Anti-aging is a concept that we hear in reference to skin rejuvenation and growing older on a daily basis. Aging begins as soon as we are born; therefore "pro-aging" is embracing all stages of life gracefully, with vitality, wisdom, joy, and gratitude as the goal.
Billing One-on-One, Direct Patient Contact
This is often misunderstood and leads to trepidation when documenting and subsequently billing timed services.
Finger (Pad) Pointing: Repetitive-Use Injury Waiting to Happen
"My wrist and hand hurt. I spend all day working on computers and then I come home and spend more time on a computer, usually playing video games."
How to Reach Your World With the Chiropractic Message
My latest effort to share chiropractic occurred in mid-May while I was sitting at an introductory parent information night for high schoolers. The IT instructor informed us that each student would be receiving a computer for all their studies.
Streamline Your Front Desk
Your front office can be your greatest source of efficiency or it can be a constant bottleneck. Increasing the productivity of this area, while not sacrificing the quality of patient interaction, can be a little tricky. However, with some focused effort and intention, your front desk can keep your practice running smoothly.
November, 2010, Vol. 10, Issue 11
Hospice Massage: Ethical Considerations
By Ann Catlin, LMT, NCTMB, OTR
As a massage therapist, like other health care professionals, you are expected to adopt and uphold standards of practice that serve as "guiding principles" in scope of practice, client relationships, clinical decisions, and business practices.If you choose to work in hospice you enter a complex field of service that exposes you to ethical issues and dilemmas unique to end-of-life care. Of course, the standards of practice for massage therapy apply, but you will also need to be familiar with the ethical principles and guidelines found in hospice care to have a foundation from which to act. Some principles act as guidelines but many are highly individual, steeped in your own personal moral compass, providing a touchstone in situations where you search for the "right thing to do".
As massage therapy takes its rightful place in hospice care it is possible, if not likely, that you will be exposed to some ethical dilemmas of modern-day health care. Medical treatments and technology have changed the way we die in our culture. For many patients, their families as well as the professional caregiver, the experience becomes laden with conflict and moral choice.
Dr. Richard Fife,3 an ethicist, states: "In hospice care, staff members are constantly faced with the possibilities and realities of ethical dilemmas." He reports findings from a two-year study of ethical dilemmas faced by hospice staff. Some of the most common issues included:
Granted, as a massage therapist, you may not directly be involved in resolving these issues. But it's possible that you may be exposed to them. By anticipating these issues you will be more prepared and resilient when they do come up.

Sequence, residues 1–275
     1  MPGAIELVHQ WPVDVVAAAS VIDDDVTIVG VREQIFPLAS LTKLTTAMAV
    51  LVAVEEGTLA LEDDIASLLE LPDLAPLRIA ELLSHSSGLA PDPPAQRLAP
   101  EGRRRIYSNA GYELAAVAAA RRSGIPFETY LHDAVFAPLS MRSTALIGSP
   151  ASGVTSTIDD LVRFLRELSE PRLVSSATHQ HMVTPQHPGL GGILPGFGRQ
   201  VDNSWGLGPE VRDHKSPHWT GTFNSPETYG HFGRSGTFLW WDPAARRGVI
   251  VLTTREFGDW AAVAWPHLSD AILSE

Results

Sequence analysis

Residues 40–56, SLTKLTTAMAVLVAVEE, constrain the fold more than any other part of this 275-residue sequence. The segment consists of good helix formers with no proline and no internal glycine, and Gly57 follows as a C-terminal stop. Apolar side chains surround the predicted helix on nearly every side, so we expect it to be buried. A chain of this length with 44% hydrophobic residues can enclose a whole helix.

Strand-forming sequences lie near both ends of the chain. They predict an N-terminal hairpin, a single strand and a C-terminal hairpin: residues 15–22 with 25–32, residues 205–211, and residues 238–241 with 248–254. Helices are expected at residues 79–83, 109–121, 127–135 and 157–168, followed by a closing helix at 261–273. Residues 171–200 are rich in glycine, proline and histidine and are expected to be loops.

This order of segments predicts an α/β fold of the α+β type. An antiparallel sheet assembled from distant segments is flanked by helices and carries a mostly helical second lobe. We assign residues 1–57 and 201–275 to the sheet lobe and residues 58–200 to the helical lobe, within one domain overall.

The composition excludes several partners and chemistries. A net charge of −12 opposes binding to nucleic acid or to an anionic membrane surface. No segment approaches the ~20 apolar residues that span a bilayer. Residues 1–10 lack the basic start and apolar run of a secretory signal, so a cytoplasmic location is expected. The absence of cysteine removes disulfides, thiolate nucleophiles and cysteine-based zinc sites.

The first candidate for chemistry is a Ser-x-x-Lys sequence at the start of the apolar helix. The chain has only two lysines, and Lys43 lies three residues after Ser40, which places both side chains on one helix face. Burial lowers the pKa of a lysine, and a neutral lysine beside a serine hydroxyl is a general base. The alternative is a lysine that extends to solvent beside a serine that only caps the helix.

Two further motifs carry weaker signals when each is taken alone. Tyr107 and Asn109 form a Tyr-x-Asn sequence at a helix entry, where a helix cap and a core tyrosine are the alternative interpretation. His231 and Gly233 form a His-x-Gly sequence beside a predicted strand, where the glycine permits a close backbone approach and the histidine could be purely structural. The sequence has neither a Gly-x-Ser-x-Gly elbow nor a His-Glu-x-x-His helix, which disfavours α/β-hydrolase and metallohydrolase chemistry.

I will compare one area of standards of practice--the roles and boundaries as put forth by the National Certification Board for Therapeutic Massage & Bodywork6 and related ethical principle from the National Hospice and Palliative Care Organization (NHPCO)2 and how they impact day-to-day activities of providing massage services in hospice care.
Roles, Boundaries & Principle
Roles and boundaries: Adhere to ethical boundaries and perform the professional roles designed to protect both the client and the practitioner, and safeguard the therapeutic value of the relationship.
Related principle: Provide patients and their families with the highest possible level of quality end-of-life care and services, while maintaining professional boundaries that respect their rights and privacy.
Considerations for the massage therapist:
Case example: I know of a massage therapist, "Kim", who was working as an independent contractor for a local hospice organization. She was asked by the hospice nurse to see a woman with advanced Parkinson's disease. The massage therapist saw the patient for weekly sessions. I learned that Kim had, in addition, been hired by the family as a personal care attendant and was essentially "on-call" to run errands, drive the patient to doctor's appointments and stay with her in the home when the family needed to be away. Kim complained to me that the hospice had let her go because they saw her actions as inappropriate. She also complained that the family was calling on her more and more and hadn't paid her in some time. She stated that she couldn't bring herself to discontinue her service because the patient "needs me so much".
Reflection question: What is the ethical dilemma here? What would have been an appropriate course of action for Kim?
Anyone who chooses to serve those in hospice care recognizes that it is a privilege to do this profound work. Caring for the dying through the medium of touch can be an experience that forever alters your worldview of death and dying. You will be forced to examine your thoughts, feelings and behavior in this profoundly personal, yet professional work. By accepting the responsibility to explore the personal nature and impact of end-of-life care you will be more equipped to uphold the highest ethical standards of your professional role.
Click here for more information about Ann Catlin, LMT, NCTMB, OTR.